There is no denying that the sports business these days is awash in bright lights …
Quite often, though, the same can’t be said for the people or practices involved.
The passage of time, the fading of origins and the constant superseding of slang can combine to cause some curious contemporary contexts.
To start, have you ever really thought about how pedantic the word ‘quarterback’ is? When the innovators who metamorphosed rugby into gridiron football were telling players where to stand, it was only logical to have someone placed all the way behind the line called a ‘fullback.’ By then, soccer already had two defending positions which used that term, so they surely provided the acceptable sporting frame of reference. For the gridiron game’s founding fathers to next place another player halfway between the fullback and the linemen and call him a ‘halfback’ made sense, too. But, perhaps they overdid this theme by sticking a third player halfway between the halfback and the linemen and arriving at the unfortunately obvious titling conclusion.
It only figures that such a mathematically correct — but verbally clumsy — location of a player would turn out to describe the most important position in the game. Any sports fan has heard that word a thousand times and surely doesn’t think twice anymore about what it means or how silly it sounds. The rest of the salient world, though, is left to wonder what minds like those had named their kids.
On the other hand, the venerable game of cricket doesn’t even think the word ‘silly’ sounds silly. Players’ positions in that game are also defined by their location, and they actually have a series of spots called ‘silly point,’ ‘silly mid-off’ and ‘silly mid-on.’ In this case, it’s truth in advertising. That’s because they’re placed so close to the batsman that solid contact from a full swing could result in serious bodily harm from a scorching line drive, which means that someone would have to be absolutely foolhardy to play there. Or, maybe just silly. (Just so you’re aware that all cricketers aren’t that crazy, the ‘silly’ locations are only occupied when the fielding team believes the batsman will only take defensive swings to protect his wicket.)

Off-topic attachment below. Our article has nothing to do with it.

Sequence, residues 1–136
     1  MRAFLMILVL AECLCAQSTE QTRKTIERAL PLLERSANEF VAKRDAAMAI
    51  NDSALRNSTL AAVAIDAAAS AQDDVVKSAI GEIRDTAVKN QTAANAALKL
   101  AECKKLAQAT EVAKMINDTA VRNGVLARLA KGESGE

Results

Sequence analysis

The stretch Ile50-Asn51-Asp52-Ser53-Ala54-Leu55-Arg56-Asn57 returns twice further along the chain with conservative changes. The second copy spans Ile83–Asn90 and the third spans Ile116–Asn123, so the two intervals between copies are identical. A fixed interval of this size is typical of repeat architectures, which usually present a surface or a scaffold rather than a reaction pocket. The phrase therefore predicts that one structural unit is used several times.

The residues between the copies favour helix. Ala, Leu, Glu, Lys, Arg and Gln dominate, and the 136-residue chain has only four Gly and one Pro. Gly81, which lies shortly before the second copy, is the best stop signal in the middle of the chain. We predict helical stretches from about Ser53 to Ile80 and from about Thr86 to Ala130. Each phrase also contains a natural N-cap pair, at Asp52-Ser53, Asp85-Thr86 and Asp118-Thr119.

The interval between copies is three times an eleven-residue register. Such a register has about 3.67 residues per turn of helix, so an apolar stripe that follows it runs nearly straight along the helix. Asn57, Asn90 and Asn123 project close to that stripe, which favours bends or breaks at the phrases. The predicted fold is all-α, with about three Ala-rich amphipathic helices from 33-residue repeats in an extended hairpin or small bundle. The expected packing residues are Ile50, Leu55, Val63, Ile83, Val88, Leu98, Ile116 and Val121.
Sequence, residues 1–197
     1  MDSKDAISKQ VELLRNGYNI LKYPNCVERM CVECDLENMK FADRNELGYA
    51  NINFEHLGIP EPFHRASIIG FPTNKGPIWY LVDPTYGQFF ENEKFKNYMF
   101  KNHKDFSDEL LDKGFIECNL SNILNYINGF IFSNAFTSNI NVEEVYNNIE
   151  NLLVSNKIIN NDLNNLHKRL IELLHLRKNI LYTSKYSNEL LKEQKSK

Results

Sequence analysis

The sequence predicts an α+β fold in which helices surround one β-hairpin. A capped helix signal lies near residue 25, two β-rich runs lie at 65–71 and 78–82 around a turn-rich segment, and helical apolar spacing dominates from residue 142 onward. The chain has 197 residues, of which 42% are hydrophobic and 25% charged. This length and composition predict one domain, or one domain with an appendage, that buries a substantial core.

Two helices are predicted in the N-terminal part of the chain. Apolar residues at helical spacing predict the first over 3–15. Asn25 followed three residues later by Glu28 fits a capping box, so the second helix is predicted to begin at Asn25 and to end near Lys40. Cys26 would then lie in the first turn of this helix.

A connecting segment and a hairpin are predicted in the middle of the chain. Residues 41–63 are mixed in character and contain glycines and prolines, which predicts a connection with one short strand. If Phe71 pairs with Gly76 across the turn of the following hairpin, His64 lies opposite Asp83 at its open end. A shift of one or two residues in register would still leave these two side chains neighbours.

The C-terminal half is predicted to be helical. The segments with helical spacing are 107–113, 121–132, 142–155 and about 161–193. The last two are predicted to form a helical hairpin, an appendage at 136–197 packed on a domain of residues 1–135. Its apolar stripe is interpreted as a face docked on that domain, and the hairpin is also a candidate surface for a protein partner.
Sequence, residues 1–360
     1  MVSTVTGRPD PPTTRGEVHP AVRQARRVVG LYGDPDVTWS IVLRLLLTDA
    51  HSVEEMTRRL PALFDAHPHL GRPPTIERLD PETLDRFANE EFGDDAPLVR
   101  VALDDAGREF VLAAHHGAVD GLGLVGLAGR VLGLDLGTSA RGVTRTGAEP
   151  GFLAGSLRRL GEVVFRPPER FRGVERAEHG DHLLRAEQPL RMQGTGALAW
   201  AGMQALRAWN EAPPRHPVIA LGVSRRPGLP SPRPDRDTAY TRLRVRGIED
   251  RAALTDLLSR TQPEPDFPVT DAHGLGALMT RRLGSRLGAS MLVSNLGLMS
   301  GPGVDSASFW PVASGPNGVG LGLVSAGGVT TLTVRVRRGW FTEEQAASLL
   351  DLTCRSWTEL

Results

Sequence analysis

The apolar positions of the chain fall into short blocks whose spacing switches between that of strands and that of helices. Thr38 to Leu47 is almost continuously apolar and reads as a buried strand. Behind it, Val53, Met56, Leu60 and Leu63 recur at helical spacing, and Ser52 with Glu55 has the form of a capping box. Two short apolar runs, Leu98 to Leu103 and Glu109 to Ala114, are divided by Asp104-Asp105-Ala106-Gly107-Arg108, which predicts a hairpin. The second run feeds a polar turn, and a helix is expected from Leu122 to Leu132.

Certain topics just weren’t discussed in public a century ago. So, a gridiron position like ‘tight end’ or a rugby position like ‘hooker’ never gave anyone a second thought. That was then. I’m assuming those athletes frame their conversations with non-fans more carefully now.
There are times when even the sports media should think deeper about their choice of words. Sports fans often have to do a double-take at headlines being thrust before them. Here’s a recent offering from ESPN.com:
“Panel to Look at Claims Against Skeleton Coach.”
While it might have been tempting to muse if the story was about some incident after a play was ‘long dead,’ only a hardcore Winter Olympics maven would recognize that a coach for the headfirst sledding events is in some sort of trouble. The sleighs involved in that discipline acquired the name ‘skeleton’ by a logic that was similar to that of the resultant term for putting a player a quarter of the way between the fullback and the center: the sled involved is literally a bare-bones equivalent of a bobsleigh or a luge, and the engineers must have gotten to it before the marketers did. Of course, if you’ve ever seen this sport in action, you could easily believe that its moniker was derived from what was left of an athlete if he ever lost control of his sled at 70mph.
Given the apparent discord between sports terminology and the perception of those same words and phrases by the rest of the world, it’s not surprising that sometimes, ordinary words can be a cause of confusion to those who have spent their lives in the sporting arena.
In the late 1960s, two former gridiron football stars-turned-broadcasters — New York Giants great, Pat Summerall, and Philadelphia Eagles receiver, Tom Brookshier — were covering a game involving the Washington Redskins. At the time, those two were better known for socializing before the game than for preparing themselves for the broadcast. Brookshier, especially, seemed to depend on the depth charts and player profiles laid before them in the booth, rather than doing his own research.
During the course of the game, a kickoff came to a relatively unknown Redskin named Herb Mul-Key. He got a couple of key initial blocks, found a seam and scampered for a substantial return. It definitely warranted a comment from the analyst, which was Brookshier’s role.
However, he clearly didn’t know anything about Herb Mul-Key. All he could do was look for something of note on the player-bio card, and he thought he found something.
“I see,” he announced, “that Mul-Key went to No-Knee College. I’ve never heard of that school.”
Summerall’s pause was extended. Finally, with subtle exasperation, he finally made the correction.
“I believe the word is ‘None,’ Tom.”
Brookshire was truly a man trapped in sports. I guess that meant, to him, the cue card had something in common with the term for another rugby position:
It was a tight head prop.